*/ "Don't do 'the very special episode' in which the characters have to deal with addictions, amnesia, or dream sequences." (Finer/Pearlman, Warner Bros., Starting your television writing career: the Warner Bros. Television writers)
Remember Diff'rent Strokes? It was an TV sitcom (first aired on NBC from the late 1970s to the mid-80s, as well as on ABC from 1985 to 1986) that included many so-called "very special episodes". During the 80s and 90s this term was used for advertising purposes by the TV industry to describe those episodes of a TV drama or sitcom which deal with serious and/or controversial social topics like alcoholism, rape, etc. (plus, of course, highlighting deviations from the show's usual subjects and tone). Two of Diff'rent Strokes' episodes were indeed very special and widely discussed: on the one hand the anti-drug episode "The Reporter", in which Nancy Reagan promotes her "Just Say No" campaign; on the other hand a double-episode with Gordon Jump guest-starring as a pedophiliac bicycle-shop owner who tries to molest Arnold and Dudley.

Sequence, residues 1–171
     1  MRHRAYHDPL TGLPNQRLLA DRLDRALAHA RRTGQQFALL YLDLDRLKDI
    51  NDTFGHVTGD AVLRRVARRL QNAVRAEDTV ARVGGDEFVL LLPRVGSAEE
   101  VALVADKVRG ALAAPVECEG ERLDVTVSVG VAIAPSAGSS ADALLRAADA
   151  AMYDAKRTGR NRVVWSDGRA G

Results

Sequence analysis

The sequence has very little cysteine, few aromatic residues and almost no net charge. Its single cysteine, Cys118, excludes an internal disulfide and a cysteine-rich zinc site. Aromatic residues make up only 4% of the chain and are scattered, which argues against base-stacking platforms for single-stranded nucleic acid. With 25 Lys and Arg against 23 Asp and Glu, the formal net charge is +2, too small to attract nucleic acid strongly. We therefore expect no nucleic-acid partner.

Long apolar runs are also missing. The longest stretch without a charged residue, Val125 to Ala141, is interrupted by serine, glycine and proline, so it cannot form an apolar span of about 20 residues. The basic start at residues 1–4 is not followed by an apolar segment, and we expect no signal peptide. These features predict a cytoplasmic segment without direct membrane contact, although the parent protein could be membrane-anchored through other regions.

Nowadays, at a time when "controversial" content is so dominantly present on TV, it is not surprising that the industry's practice of using "the very special episode" to send a warm and warning message to its audiences has almost disappeared. Instead, the "very special episode" has increasingly become the subject of parody. Today, we think of such a practice primarily in aesthetic terms, referring to musical episodes or dream sequences, but it is obvious that even in this respect the special episode is not that special anymore. Contemporary TV series know this pretty well. In season 5 of Nip/Tuck McNamara and Troy end up as medical advisors for a TV show called “Hearts N’ Scalpels”, also dealing with plastic surgery. Checking the script for the upcoming shootings, we see the protagonist of the fictive show shouting at the producer: “What the hell is this shit? A musical episode? How gay is that? This is the kind of desperate slag you don’t do until your fifth season.” Here, a TV series displays —what Frank Kelleter and I call— its metaserial intelligence, which (in this context) means: it is "thinking" explicitly about the limitations or problems of serial variation and innovation.